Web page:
Product nameHuman F-spondin peptide
Our Abpromise guarantee covers the use of ab41539 in the following tested applications.
The application notes include recommended starting dilutions; optimal dilutions/concentrations should be determined by the end user.
- First try to dissolve a small amount of peptide in either water or buffer. The more charged residues on a peptide, the more soluble it is in aqueous solutions.
- If the peptide doesn’t dissolve try an organic solvent e.g. DMSO, then dilute using water or buffer.
- Consider that any solvent used must be compatible with your assay. If a peptide does not dissolve and you need to recover it, lyophilise to remove the solvent.
- Gentle warming and sonication can effectively aid peptide solubilisation. If the solution is cloudy or has gelled the peptide may be in suspension rather than solubilised.
- Peptides containing cysteine are easily oxidised, so should be prepared in solution just prior to use.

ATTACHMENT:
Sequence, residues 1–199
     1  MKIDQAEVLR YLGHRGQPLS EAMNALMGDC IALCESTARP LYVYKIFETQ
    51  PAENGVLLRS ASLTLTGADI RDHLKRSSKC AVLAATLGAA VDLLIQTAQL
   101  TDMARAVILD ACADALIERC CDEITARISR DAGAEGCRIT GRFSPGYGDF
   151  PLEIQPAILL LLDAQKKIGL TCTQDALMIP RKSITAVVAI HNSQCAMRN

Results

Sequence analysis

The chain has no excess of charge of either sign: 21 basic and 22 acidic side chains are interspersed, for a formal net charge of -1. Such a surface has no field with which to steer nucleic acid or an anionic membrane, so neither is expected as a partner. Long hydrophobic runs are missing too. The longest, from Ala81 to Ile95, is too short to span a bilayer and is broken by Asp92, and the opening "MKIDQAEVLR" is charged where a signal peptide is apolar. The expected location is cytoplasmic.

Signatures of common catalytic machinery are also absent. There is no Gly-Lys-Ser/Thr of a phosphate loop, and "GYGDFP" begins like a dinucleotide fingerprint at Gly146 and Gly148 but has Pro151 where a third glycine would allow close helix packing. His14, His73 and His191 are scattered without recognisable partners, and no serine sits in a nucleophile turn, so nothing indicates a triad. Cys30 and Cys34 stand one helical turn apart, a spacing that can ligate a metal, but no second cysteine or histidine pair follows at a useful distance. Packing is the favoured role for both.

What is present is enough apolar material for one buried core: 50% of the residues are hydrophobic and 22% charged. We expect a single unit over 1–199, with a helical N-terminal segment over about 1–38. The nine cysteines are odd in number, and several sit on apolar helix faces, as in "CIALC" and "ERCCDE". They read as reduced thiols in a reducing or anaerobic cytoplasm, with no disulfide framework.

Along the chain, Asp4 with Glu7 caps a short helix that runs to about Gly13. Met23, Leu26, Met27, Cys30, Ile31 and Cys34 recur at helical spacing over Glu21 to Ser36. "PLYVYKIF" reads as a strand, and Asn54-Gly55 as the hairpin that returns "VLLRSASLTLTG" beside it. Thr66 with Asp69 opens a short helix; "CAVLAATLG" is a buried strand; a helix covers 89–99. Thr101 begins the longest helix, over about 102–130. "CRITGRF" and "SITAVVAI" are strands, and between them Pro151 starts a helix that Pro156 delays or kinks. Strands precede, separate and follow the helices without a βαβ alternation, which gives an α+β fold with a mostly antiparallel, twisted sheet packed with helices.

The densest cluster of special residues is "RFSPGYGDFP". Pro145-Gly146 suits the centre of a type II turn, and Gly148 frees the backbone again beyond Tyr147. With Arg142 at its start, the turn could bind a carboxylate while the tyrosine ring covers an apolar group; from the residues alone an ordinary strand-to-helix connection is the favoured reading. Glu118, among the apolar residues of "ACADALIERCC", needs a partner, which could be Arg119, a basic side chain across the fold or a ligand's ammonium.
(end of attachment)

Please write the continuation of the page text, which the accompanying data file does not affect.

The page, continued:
This product was previously labelled as SPON1
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Preparation and Storage
Stability and Storage
Shipped at 4°C. Upon delivery aliquot and store at -20°C or -80°C. Avoid repeated freeze / thaw cycles.
Information available upon request.
- F spondin
- SPON 1
- Spondin 1
RelevanceSPON1 is a member of a subgroup of the thrombospondin type 1 (TSR) class molecules, defined by two domains of homology, the FS1/FS2 and TSR domains. The TSRs of SPON1 proteins are typical of class 2 TSRs. SPON1, which is similar to thrombospondin, is a extracellular matrix attached molecule that promotes neurite outgrowth and inhibits angiogenesis. Analysis of gain and loss of function experiments reveal that SPON1 is required for accurate pathfinding of embryonic axons, and plays a dual role in patterning axonal trajectories. It promotes the outgrowth of commissural and inhibits the outgrowth of motor axons, and has also been implicated in inflammatory processes in the nervous system.
Cellular localizationSecreted protein; extracellular space; extracellular matrix.
ab40797 detects a 91 kDa band in the rat and mouse tissue lysates shown above. Addition of the immunizing peptide (derived from the F-spondin rat sequence) completely blocks ab40797 in rat tissue, however we are unsure as to why only partial blocking is observed in mouse tissue lysates. Blast analysis of the peptide sequence predicts 100% cross-reactivity with mouse.
ab41539 has not yet been referenced specifically in any publications.